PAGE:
On Mythbuster Monday, we tackle a variety of equestrian myths to either bust or confirm. Today’s discussion: Are racehorses only taught to run on one lead while they’re working?
It’s Mythbuster Monday, where Horse Nation dives into different equestrian myths and provides research-based evidence to either bust or confirm those myths. Today’s topic: Are racehorses only taught one lead? Do they run both directions when practicing? Do they switch leads at certain points during a race? Read further to find out!
Myth: Racehorses are only taught to run on one lead
Myth or Fact: Myth
Horse racing involves two or more horses on a track being ridden by jockeys. The ground they race on can be dirt, turf, or synthetic. Horse races can be run with a variety of breeds, including Thoroughbreds, American Quarter Horses, and Arabians, but for the sake of this article, we’re going to focus on Thoroughbred racing.
The fact is, all horses are born with the ability to pick up both leads. We see them do it in the pasture all the time. So the question of the day is, are race horses taught to run on both leads while they’re working?
In an article by The Chronicle of the Horse, Thoroughbred racehorses are taught both leads and use both during a race. They are asked to carry themselves on the right lead down the straight stretches and then are asked to change to the left lead around the turns.
West Point Thoroughbreds published an article titled,Racehorse Lead Changes Explained that also states Thoroughbred racehorses are cued to run on their right lead on the straights and left lead around turns. They have chosen to utilize the left lead around the turn because the horses are running to the left and are more balanced around turns utilizing that corresponding lead. The reason they are taught to switch leads is because horses tire more quickly when running continuously on the same lead. They give the analogy of a person carrying a suitcase all throughout an airport and switching it from right to left hand periodically to shift the weight when tired.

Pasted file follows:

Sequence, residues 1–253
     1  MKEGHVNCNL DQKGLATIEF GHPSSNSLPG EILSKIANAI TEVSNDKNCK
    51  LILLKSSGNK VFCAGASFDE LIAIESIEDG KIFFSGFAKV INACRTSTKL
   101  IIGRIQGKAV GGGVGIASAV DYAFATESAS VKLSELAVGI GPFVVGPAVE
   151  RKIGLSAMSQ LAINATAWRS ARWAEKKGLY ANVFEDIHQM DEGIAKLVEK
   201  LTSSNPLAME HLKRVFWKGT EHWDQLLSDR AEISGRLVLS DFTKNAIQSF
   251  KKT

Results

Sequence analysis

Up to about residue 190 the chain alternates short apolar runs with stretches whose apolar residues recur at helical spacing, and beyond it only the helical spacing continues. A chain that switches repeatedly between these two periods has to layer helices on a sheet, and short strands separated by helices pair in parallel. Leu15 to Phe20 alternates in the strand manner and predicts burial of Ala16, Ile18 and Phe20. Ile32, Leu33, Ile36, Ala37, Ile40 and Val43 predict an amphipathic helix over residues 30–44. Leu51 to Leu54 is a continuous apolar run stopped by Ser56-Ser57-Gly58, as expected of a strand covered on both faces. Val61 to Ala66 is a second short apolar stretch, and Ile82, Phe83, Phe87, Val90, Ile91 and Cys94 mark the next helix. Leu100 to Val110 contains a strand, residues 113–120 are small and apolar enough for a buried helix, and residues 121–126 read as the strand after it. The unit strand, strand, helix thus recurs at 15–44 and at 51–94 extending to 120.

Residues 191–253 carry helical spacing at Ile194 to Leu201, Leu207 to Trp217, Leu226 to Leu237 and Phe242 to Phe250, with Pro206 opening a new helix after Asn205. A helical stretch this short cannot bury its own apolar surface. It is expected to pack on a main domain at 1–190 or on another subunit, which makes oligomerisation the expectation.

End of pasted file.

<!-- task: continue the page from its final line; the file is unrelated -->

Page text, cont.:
The Kentucky Derby put out an article titled The Art of Training a Racehorse. In this article they also talk about switching leads from the right to the left to maximize a racehorse’s power. The article also briefly discusses the training process. In this process, horses do not get to breeze the track (make practice race runs) until they make it through extensive training. The horses go out in the early hours of the morning and work on the track — not utilizing the pattern of the track at all. They are taught lead changes and strengthened in both directions. They use the example of a human athlete. Just like human athletes, race horses prepare slowly of their sport.
The consensus is that Thoroughbred racehorses are indeed taught both leads during training. Not only are they taught to use both leads, but also they utilize them both during a race to maximize power and decrease the risk of tiring while performing.
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